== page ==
Unlocking Hope Mitchell Cozad on the Impact of Faith

Unlocking Hope: Mitchell Cozad on the Impact of Faith

When you have lost your freedom and your life has been reduced to the inside of a prison, it can be difficult to believe that anything better awaits you. This is especially true when you know that once you are released, you will likely have difficulty finding meaningful work and a place to live. Mitchell Cozad, who served time for assault and now works as an attorney, understands how many inmates feel when they try to plan for their futures. He says, however, that when he was incarcerated, he had two things in particular that kept him going: his faith in God and his goal of becoming an attorney.

“Prison in general is not a place that inspires dreams or goals – instead, you have to choose to seek them out,” Cozad says. “You have to keep your mind focused and positive and try to plan for something better. That is the first step of faith you take: believing that despite everything, you really can rebuild your life and emerge stronger.”

In the early days of his incarceration, Cozad spent a lot of time wondering what he would do once he was free. His days of peeling potatoes in the kitchen, handing out sports equipment in the yard, and working in the library were going to end eventually. He wanted to be able to contribute to society and set himself on a much stronger path. He just wasn’t quite sure what that was.

“One day, I asked God for help,” Cozad reveals. “I figured if anyone could show me the right road to take, it had to be Him. So, I placed my future in His hands, and He showed me a vision: I would become an attorney. I kept that vision in front of me, consistently moving toward it one step at a time.”

During one of the monotonous days of his incarceration, Cozad stumbled upon a beacon of light in a Joel Osteen book from the prison library. Its sermons, deeply aligned with Scripture, offered hope and a new perspective on positive thinking and faith. Osteen’s belief that life’s obstacles are detours towards greater purposes resonated with Cozad, helping him see challenges not as barriers but as steps towards growth and redemption. This shift in perspective, echoing scriptural truths, ignited hope in Cozad, setting him on a transformative path.

Cozad had been doing a lot of listening as he got to know other inmates, and what he had learned concerned him. While the reasons for each person’s incarceration were different, there was often a common denominator, which could be one or more of the following: poverty, lack of education, or addiction.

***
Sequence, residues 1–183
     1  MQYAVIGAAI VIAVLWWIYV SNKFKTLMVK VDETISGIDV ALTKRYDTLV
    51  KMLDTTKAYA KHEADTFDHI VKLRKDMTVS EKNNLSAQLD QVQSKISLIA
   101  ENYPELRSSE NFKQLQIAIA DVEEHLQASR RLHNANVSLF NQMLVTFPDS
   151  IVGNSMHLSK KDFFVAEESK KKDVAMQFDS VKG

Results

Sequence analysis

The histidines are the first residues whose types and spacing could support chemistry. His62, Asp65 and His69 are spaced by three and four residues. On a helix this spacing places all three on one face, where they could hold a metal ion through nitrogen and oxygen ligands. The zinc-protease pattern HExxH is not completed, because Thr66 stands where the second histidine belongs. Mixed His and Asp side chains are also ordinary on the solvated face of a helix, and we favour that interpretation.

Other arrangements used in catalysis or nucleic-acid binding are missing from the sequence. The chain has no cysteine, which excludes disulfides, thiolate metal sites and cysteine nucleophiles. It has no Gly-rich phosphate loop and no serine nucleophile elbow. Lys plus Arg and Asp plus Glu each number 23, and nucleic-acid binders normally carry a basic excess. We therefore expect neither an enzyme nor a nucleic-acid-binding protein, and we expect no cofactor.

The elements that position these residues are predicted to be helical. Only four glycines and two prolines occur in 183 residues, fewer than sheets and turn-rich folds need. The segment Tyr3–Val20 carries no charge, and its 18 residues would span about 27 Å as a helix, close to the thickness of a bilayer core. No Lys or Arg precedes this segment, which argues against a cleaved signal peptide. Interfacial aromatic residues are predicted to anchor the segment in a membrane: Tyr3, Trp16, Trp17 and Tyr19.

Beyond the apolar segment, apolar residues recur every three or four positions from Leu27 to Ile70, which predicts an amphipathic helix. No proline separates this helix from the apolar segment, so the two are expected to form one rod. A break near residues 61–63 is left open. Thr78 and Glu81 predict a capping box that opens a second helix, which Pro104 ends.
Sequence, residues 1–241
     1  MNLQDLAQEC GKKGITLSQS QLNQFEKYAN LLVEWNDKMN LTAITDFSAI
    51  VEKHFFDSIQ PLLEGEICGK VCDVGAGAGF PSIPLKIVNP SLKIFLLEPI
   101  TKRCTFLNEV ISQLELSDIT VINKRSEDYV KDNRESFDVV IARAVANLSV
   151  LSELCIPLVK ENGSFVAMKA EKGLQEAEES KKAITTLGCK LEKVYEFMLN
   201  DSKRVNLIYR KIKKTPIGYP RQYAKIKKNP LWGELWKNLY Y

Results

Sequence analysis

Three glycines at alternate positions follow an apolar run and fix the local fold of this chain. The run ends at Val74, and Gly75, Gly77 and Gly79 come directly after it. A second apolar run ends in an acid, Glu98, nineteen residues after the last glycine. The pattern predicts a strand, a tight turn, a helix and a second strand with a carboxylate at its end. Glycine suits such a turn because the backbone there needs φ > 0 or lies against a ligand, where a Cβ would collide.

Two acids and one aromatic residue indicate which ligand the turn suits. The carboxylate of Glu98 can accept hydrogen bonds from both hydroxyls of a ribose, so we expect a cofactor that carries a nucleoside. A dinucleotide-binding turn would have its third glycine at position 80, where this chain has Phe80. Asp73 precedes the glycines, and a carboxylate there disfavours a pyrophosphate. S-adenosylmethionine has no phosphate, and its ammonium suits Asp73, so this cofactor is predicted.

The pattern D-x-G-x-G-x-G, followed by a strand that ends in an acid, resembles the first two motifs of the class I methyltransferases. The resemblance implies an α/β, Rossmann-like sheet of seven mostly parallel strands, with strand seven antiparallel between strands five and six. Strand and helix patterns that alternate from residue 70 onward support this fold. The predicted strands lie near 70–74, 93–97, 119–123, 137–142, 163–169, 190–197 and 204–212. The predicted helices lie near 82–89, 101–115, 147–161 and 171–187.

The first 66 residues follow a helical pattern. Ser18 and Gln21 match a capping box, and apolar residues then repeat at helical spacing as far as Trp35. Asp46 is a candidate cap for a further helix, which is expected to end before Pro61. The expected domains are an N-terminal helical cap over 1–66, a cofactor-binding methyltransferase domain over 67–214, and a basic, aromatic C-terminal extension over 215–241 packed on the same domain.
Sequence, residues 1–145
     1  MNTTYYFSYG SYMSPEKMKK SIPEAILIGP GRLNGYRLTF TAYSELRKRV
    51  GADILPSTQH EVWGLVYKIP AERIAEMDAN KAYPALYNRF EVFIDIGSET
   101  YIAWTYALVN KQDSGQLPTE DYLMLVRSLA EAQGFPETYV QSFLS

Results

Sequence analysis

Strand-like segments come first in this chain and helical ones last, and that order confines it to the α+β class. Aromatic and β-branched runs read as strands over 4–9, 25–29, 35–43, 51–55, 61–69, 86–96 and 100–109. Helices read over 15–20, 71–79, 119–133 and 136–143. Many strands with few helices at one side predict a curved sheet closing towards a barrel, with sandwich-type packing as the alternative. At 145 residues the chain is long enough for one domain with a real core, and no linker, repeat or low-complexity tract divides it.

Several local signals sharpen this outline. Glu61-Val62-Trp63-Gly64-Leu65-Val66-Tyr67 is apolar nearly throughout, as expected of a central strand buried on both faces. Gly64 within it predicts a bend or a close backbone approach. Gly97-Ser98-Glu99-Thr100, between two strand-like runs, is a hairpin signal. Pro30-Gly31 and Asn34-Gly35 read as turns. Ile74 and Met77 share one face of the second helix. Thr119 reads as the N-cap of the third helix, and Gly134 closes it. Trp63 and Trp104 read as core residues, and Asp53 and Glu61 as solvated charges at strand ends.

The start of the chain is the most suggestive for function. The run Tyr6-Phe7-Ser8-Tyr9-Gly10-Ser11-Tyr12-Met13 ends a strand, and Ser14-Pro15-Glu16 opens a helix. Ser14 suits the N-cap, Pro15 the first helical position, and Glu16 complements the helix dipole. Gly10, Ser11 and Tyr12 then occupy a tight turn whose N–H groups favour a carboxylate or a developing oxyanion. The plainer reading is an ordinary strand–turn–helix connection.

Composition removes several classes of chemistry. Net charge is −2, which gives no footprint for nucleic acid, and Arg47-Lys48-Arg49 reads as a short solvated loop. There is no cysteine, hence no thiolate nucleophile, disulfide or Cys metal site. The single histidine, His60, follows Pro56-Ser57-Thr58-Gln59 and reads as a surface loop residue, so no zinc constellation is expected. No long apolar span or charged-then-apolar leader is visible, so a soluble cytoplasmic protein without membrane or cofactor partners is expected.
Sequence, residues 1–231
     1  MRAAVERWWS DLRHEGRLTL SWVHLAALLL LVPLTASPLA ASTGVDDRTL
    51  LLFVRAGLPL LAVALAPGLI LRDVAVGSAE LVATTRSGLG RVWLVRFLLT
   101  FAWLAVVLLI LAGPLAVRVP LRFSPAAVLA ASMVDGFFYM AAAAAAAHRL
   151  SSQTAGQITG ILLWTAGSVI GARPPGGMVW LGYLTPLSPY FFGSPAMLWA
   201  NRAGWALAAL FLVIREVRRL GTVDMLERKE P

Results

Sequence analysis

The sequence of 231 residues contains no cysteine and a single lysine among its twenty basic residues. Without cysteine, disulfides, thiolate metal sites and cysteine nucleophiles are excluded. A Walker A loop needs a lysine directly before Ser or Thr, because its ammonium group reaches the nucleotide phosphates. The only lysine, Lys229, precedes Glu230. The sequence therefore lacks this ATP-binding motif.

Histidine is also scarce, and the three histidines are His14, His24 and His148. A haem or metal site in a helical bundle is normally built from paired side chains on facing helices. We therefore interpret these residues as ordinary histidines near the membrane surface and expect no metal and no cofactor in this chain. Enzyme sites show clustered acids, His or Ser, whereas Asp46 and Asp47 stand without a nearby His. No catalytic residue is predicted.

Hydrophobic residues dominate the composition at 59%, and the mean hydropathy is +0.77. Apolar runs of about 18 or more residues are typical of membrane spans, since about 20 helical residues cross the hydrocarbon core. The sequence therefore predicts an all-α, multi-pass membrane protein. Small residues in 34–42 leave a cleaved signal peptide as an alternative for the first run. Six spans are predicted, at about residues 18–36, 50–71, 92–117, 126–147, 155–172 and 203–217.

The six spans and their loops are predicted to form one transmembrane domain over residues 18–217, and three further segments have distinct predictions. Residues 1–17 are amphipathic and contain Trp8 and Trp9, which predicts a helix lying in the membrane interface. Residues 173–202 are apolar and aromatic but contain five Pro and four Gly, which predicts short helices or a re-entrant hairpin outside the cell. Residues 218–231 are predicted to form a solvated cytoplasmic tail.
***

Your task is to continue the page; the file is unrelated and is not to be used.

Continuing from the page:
It was substances that ensnared Cozad, altering his moods and behavior, and ultimately leading to the actions that landed him in trouble. This period of his life was marked by a profound struggle, as the effects of substance abuse overshadowed his choices and eroded his hope. Yet, it was within the confines of his cell that Cozad’s journey toward transformation began. In his darkest moments, he reached out to God, seeking liberation from the chains that had entangled him.

This earnest plea for guidance marked a pivotal turn in Cozad’s life. The more he leaned into his faith, the more he recognized the power of God’s grace. It was this divine intervention that illuminated the path to self-forgiveness and renewal. Cozad’s story is a testament to the strength found in vulnerability and the transformative power of faith and perseverance.

“I started to think that maybe I could help with this in some way when I got out,” Cozad recalls. “I started to see my vision reveal itself when some of the post-conviction motions that I had written for others were granted.”

He did not share his vision with anyone except his parents. “I don’t believe in allowing myself to feel self-doubt,” Cozad says. “However, I am still only human. I knew that if I shared my goal, I would be taking the risk of some small-minded person speaking against it, and that could cause me to doubt myself. That could derail my goals, and I couldn’t let that happen. God had put it in my heart, not theirs, and I had to go after it with everything I had.”

To keep himself focused, Cozad wrote down what he wanted to do with his life and envisioned it. This included being an attorney, taking better care of his emotional and physical health, and hiking in Colorado’s beautiful mountains once he was released. “Then I looked at the list when I woke up every morning and before I went to bed every night,” Cozad says. “Envisioning what I was going to do, no matter what, helped me to focus, believe it was all possible, and go forward.”

That habit would stay with him over the years as he returned to school after his release and earned his bachelor’s, master’s, and Juris Doctor degrees. “I have made a lot of lists since that first one,” Cozad smiles. “I have kept on making new goals and accomplishing them. Visualization is a great way for anyone to do that.”

Cozad believes that God has made him tougher so that he could get to where he is today: helping indigent clients have the best defense possible. Even though he didn’t understand or appreciate the road he was on, it was the road he had to take. In following the vision that God provided him, he developed his faith and his relationship with Him, and that, he says, will take him into the future, one that will undoubtedly continue to test him even as it reveals new blessings.
About The Author

Leave a Reply

Leave A Comment*
{{ reviewsTotal }}{{ options.labels.singularReviewCountLabel }}
{{ reviewsTotal }}{{ options.labels.pluralReviewCountLabel }}
{{ options.labels.newReviewButton }}
{{ userData.canReview.message }}

We'd love to hear from you!

Recent Blogs